I hate to malign a place that is gracious enough to open its doors to visitors, but I have to say that I enjoyed myself less in Marrakech than in perhaps any other place I've visited. Most streets lack signs, leaving maps virtually useless.
I quickly learned not to ask for directions; more often than not, people's directions were incorrect (instead leading to their or their friends' shops), and regardless of correctness, they'd insist on payment for being a "guide".
I was met with a stream of invectives when I refused one person's services, and another cornered me in a narrow, labyrinthine street and demanded money.
I saw one female tourist approached by two women and decorated with henna against her wishes (with a subsequent demand of payment, of course).
I did meet a few lovely people: the people who worked at the beautiful riad where I stayed were a pleasure to talk with, and a policeman I met spoke so poetically about his admiration for Hemingway.
One thing that impressed me about the people of Marrakech is their command of language. It seemed that most spoke both Arabic and French; many also spoke Spanish, English, German, and other languages.
The Medina is the ancient part of the city, surrounded by walls. Most of the streets are too narrow to accommodate cars; instead people travel by foot, donkey, horse, scooter, or bicycle. This is the area in which the city's main attractions lie.
Jemaa el Fna
Jemaa el Fna, also spelled Djemaa el Fna, is a large square in the middle of the Medina, active during the day and even more active at night. Vendors, henna artists, snake charmers (i.e., people who hold up defanged snakes and charge a few dollars for a photo), and other performers abound. One man had a table full of teeth that looked real. Cafés and restaurants surround the square; a few, including Café de France and Café Glacier, have wonderful, 2nd storey terraces on which you can relax and look out over the entire square.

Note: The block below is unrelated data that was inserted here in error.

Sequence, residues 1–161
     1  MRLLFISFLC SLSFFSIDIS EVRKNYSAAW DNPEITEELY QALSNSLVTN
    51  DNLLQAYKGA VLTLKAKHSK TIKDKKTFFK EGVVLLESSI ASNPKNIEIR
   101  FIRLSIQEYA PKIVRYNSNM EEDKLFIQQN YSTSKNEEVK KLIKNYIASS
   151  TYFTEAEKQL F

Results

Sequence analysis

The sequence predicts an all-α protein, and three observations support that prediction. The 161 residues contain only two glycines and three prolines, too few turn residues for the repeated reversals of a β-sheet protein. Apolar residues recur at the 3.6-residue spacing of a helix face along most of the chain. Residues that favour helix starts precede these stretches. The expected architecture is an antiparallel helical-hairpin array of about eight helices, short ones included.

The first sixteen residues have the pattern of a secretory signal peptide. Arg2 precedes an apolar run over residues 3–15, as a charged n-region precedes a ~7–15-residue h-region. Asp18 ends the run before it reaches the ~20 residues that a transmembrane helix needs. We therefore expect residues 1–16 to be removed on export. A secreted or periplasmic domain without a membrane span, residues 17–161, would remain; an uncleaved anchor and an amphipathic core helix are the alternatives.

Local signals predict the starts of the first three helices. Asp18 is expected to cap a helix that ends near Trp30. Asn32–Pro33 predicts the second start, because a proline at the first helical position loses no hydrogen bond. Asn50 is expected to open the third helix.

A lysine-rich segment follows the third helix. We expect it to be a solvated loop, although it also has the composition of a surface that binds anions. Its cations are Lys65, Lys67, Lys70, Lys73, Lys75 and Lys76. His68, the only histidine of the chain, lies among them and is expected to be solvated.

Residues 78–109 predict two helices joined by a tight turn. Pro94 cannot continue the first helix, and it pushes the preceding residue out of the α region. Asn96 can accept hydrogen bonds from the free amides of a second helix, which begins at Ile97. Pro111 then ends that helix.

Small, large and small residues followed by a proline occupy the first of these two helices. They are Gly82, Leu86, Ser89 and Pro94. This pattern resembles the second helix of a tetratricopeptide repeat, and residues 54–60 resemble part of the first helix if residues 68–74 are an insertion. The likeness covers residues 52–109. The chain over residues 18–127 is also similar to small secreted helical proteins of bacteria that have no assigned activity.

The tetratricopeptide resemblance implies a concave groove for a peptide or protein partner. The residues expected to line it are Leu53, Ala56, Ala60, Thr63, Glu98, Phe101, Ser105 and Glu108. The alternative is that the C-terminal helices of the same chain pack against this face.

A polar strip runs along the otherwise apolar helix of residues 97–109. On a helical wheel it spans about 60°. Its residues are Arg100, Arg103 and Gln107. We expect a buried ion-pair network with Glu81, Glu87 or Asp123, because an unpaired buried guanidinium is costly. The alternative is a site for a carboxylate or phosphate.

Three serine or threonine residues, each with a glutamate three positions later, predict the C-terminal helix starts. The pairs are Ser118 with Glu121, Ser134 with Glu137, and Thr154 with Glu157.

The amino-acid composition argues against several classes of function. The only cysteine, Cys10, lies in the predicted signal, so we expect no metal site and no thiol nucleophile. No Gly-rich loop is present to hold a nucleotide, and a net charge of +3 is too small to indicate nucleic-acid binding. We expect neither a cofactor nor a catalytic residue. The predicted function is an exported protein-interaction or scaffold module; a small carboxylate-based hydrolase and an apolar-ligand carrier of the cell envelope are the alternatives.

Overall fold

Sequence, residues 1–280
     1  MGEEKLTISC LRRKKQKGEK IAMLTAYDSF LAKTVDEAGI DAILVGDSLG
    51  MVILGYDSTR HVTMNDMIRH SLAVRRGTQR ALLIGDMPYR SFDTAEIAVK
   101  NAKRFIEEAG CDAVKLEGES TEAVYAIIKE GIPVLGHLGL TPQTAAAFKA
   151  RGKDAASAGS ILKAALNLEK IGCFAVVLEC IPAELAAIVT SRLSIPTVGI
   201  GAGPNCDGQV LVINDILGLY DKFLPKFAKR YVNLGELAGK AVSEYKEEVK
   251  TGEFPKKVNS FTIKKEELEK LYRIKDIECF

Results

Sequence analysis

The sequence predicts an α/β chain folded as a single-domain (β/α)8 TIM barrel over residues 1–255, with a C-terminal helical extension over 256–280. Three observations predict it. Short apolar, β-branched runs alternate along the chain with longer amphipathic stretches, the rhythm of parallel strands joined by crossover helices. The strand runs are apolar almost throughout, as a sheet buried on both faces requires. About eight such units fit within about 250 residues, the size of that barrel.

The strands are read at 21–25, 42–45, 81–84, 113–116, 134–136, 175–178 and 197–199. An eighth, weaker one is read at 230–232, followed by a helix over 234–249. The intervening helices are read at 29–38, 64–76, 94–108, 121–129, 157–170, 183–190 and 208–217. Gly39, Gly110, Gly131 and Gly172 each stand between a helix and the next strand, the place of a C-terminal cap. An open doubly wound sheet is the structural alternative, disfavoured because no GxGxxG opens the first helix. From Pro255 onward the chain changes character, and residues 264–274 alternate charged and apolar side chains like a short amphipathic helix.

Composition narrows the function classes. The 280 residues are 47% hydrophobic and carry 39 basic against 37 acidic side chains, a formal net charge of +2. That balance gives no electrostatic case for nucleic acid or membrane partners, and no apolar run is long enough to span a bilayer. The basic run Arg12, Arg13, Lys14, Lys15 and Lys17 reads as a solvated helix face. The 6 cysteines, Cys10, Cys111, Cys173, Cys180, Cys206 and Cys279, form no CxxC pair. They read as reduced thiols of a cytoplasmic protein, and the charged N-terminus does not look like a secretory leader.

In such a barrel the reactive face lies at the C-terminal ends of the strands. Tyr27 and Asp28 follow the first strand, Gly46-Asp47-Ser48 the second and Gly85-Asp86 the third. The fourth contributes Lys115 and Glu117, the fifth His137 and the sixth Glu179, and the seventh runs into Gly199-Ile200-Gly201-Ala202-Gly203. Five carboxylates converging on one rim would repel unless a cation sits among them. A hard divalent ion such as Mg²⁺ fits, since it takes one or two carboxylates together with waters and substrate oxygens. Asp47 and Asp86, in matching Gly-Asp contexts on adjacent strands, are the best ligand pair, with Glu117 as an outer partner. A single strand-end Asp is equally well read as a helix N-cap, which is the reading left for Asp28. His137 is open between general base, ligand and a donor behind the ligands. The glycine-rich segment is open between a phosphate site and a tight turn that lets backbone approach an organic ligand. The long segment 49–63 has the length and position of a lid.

The souks are bustling markets; a large one can be found just off Jemaa el Fna. The main stretches contain colorful goods, popular with tourists. Adjacent areas contain butchers and goods more oriented towards local buyers.
This large palace contains many rooms, courtyards, and gardens, and has intricate decoration throughout. Interestingly, while it is embellished with the geometric patterns so common in Islamic architecture, many of the patterns also contain floral elements.
Ben Youssef Medersa
Ben Youssef Medersa was an Islamic school, built in the 14-16th centuries, with a courtyard and chambers for students.
This botanical garden is quite nice but not particularly Moroccan; it was designed by a Frenchman, Jacques Majorelle. Its structures are painted in vivid colors, especially cobalt blue.
Built in the late 16th century, parts of this royal necropolis look almost palatial.
The pavilion in this large park was built in the 16th century by the Saadi dynasty; the rest of the park, mostly olive trees, dates back to the 12th century. Views of the Atlas Mountains from this park can be spectacular, so I've heard, but through the hazy sky, I was only able to make out their faint outline.
One type of accommodation in Morocco is a riad — a house with a courtyard and internal garden. Riad Lorsya has four rooms, each unique and beautiful.
Earth Cafe, a vegetarian restaurant in the Medina, has delicious food and a great atmosphere, and they produce their own olive oil. To get there, walk along Rue Riad Zitoun El Kedim from Jemaa el Fna for a few minutes until you see the Earth Cafe sign. (To help you find it, here is what the entrance to Rue Riad Zitoun El Kedim looks like.)
This large mountain range runs across Morocco and a few other North African countries. Until 350 million years ago, the mountains lay beneath the ocean, and fossils still abound. The mountains are dotted with villages populated by indigenous Berber people.